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Sam Ehlinger gaining ground in Indianapolis Colts QB competition

When Carson Wentz went down with a foot injury, it was widely and rightly assumed that second-year quarterback Jacob Eason would take the reins of the Indianapolis Colts‘ offense. Sixth-round rookie Sam Ehlinger is challenging that assumption.

Colts head coach Frank Reich said on Tuesday that Ehlinger has firmly earned the right to split first-team reps with Eason, per Wish TV’s Olivia Ray:

Reich also stated that for the rest of the week, Ehlinger and Eason will continue to share reps with Indianapolis’ No. 1 offense, according to The Athletic‘s Zak Keefer.

Although Wentz has already been spotted at practice without a walking boot despite requiring surgery on his foot, it’s going to be a while before he’s fully recovered. He’ll be the unquestioned starter upon his comeback, barring something unforeseen.

Speaking of things that are difficult to anticipate, no one would’ve thought a QB competition would play out in Indy, but here we are. Heck, even after Wentz got hurt, who would’ve thought Ehlinger would have a chance at all of unseating Eason atop the depth chart?

With that in mind, it’s worth digging into the games of Ehlinger and Eason a bit to see which direction Indianapolis is likely to go as the team attempts to keep its playoff hopes alive until Wentz returns. There’s no reason to think Wentz will be pressed back into action, given his lengthy injury history.

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Comparing Sam Ehlinger vs. Jacob Eason in Colts’ QB competition

Comparing Sam Ehlinger vs. Jacob Eason in Colts' QB competition
Indianapolis Colts quarterback Jacob Eason (9), with Sam Ehlinger (4), and Jalen Morton, throws at Grand Park in Westfield on Monday, August 2, 2021, on the second week of workouts of this summer’s Colts training camp. Head Coach Frank Reich reappeared at practice after being away for ten days after a COVID-19 positive test. Colts Get Their Coach Back On Week Two Of Colts Camp
  • Sam Ehlinger stats (2020, Texas): 194-of-322 passing (60.2% completion rate) 2,566 yards, 26 touchdowns, five interceptions; 113 carries 377 yards, eight touchdowns
  • Jacob Eason stats (2019, Washington): 260-of-405 passing (64.2% completion rate), 3,132 yards, 23 touchdowns, eight interceptions; 19 carries, three yards

The Texas Longhorns football program has been in a state of flux, uncertainty and underachievement for a while, yet Ehlinger was essentially a four-year starter and a stabilizing force during the perpetual turbulence in Austin.

Ehlinger’s decorated college career and sheer game experience are factors that got him drafted in the first place. He lacks some of the “wow” factor as a passer that top QB prospects boast. However, there’s something to be said for Ehlinger’s dual threat capabilities, as he racked up 1,903 rushing yards over four years at Texas.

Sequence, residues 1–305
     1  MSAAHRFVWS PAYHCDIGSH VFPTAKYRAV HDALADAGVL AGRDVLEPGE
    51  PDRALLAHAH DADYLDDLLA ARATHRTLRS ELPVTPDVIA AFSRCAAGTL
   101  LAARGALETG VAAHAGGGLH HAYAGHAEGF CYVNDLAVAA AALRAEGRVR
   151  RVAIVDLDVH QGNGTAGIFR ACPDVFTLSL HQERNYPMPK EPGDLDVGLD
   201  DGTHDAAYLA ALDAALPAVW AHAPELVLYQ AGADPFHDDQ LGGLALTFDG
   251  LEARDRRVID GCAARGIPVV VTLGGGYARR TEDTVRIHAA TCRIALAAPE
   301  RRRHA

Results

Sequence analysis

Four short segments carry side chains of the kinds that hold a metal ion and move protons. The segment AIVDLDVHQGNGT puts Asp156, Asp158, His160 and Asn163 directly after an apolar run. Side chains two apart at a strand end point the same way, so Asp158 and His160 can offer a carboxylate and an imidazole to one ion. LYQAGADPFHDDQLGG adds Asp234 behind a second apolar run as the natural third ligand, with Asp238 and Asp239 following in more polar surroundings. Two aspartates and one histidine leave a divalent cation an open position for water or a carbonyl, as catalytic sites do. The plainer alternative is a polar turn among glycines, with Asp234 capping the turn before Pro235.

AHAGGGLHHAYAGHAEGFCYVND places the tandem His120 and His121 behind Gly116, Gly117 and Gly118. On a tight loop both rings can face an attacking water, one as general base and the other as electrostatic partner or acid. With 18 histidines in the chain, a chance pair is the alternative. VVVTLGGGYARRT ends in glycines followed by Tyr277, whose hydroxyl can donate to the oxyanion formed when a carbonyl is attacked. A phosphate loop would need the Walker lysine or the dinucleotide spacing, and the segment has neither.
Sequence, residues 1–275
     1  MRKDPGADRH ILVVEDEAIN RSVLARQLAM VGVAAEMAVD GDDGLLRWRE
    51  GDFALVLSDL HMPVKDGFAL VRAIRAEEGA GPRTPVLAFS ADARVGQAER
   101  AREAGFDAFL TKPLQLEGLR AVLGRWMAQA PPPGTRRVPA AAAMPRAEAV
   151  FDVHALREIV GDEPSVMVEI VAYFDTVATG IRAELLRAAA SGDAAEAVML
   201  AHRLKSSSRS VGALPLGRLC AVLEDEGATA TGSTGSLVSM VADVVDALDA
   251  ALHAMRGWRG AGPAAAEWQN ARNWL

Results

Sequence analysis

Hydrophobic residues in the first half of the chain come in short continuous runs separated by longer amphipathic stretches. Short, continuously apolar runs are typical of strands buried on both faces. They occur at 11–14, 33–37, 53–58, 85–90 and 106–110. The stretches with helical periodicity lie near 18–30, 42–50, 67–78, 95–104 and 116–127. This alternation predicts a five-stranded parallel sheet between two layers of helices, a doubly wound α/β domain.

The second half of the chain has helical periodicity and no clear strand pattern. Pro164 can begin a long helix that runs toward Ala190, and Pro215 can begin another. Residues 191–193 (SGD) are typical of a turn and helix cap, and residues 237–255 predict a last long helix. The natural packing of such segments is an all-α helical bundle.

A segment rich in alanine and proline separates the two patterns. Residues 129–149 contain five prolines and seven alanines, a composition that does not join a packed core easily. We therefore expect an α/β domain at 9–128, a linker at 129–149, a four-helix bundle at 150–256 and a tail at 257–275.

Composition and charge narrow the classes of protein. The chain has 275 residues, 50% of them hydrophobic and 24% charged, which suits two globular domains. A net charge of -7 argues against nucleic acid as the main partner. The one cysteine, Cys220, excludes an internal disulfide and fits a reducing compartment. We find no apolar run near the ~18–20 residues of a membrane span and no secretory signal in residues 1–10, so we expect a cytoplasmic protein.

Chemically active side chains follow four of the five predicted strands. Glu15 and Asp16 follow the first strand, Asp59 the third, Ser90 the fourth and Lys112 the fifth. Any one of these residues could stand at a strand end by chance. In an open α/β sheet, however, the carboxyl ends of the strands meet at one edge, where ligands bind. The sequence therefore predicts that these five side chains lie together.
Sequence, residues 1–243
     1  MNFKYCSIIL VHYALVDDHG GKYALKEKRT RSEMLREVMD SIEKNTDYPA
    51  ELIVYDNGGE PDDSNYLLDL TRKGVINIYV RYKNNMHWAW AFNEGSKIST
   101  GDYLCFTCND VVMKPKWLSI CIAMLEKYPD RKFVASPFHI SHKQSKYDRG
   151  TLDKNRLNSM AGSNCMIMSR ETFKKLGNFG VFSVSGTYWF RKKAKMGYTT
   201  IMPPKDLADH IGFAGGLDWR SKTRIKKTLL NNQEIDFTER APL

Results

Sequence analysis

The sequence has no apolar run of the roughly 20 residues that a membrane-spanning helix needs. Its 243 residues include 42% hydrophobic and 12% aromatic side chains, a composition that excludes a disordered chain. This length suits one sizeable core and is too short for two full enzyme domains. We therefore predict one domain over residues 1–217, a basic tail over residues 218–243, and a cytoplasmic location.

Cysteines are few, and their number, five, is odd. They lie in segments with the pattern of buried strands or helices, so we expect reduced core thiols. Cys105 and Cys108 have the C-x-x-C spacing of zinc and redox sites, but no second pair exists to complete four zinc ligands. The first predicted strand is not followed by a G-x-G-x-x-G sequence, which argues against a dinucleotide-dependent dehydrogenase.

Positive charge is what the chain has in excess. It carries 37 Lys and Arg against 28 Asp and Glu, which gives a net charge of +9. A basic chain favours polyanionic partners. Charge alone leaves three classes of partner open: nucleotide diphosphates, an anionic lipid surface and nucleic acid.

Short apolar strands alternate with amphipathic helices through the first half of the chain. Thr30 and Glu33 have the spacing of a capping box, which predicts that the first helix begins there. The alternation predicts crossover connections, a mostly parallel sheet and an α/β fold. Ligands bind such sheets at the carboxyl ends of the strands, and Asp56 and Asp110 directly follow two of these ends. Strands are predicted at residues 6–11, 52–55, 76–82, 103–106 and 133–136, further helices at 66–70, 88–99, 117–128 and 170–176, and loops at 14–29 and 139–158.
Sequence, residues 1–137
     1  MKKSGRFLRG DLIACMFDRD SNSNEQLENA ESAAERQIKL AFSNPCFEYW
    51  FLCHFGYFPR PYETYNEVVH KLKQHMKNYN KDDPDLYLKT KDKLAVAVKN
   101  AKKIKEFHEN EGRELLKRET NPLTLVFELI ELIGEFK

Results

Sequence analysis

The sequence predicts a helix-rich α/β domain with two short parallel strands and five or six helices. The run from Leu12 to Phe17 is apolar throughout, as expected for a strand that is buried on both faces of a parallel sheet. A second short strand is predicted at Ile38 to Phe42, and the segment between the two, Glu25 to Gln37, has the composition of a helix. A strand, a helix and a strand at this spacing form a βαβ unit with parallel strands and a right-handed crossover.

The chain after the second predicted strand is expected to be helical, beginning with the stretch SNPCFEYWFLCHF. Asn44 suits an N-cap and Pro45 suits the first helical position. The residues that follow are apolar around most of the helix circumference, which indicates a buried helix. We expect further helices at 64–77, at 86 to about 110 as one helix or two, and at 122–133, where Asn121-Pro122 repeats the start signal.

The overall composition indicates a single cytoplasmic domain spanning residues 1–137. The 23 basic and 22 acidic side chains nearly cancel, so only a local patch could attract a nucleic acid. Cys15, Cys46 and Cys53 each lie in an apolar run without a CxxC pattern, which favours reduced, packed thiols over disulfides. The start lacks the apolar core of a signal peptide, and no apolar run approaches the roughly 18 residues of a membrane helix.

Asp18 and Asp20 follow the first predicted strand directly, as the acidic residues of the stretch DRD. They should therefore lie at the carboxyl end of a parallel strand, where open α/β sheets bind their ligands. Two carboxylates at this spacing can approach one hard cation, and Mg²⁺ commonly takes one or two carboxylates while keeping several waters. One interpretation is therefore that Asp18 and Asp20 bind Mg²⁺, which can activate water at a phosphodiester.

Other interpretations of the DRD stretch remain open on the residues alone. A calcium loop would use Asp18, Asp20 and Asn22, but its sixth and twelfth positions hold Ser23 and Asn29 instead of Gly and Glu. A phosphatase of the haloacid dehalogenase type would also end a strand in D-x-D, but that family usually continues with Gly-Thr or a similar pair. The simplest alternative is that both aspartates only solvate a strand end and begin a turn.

Can the Colts make the postseason again in 2021? Read our NFL playoff predictions to find out

Meanwhile, Eason’s game and skill set are quite a stark contrast. He’s strictly a pocket passer with an absolute hose for an arm and can drive it to any area of the field. The problem for Eason has been consistency and scattershot accuracy. He was a fourth-round pick last year and didn’t see the field behind Philip Rivers.

You may look at the completion numbers and think Eason is far superior to Ehlinger based on their respective final college seasons. That said, Eason was in the mid-50% range in his two years at Georgia before transferring, and in Ehlinger’s two preceding years, he was at 64.7% and 65.2%.

Because Ehlinger can make off-schedule plays with his legs and seems to have the moxie that Eason lacks, it’s not a total shock he’s jumped out at Colts training camp.

Ehlinger is a nice story, but no offense to him: If he’s trotting out as Indianapolis’ Week 1 starter — particularly without All-Pro guard Quenton Nelson in the lineup to help protect him — things could get ugly in a hurry for the Colts in 2021.

That said, many of his detractors probably didn’t think Ehlinger had any business being drafted, much less making a 53-man roster, and much less competing for a starting gig as a rookie. Maybe it’s unwise to count him out right away.

Many criticized the Colts this offseason for banking on a Wentz reunion with Reich as a viable plan to fix their QB situation in the wake of Rivers’ retirement. General manager Chris Ballard may have somehow lucked into a viable contingency plan with a late-round flier on Ehlinger.

Maybe the Colts’ defense can help their offense along early. See where Indy places in our NFL defense rankings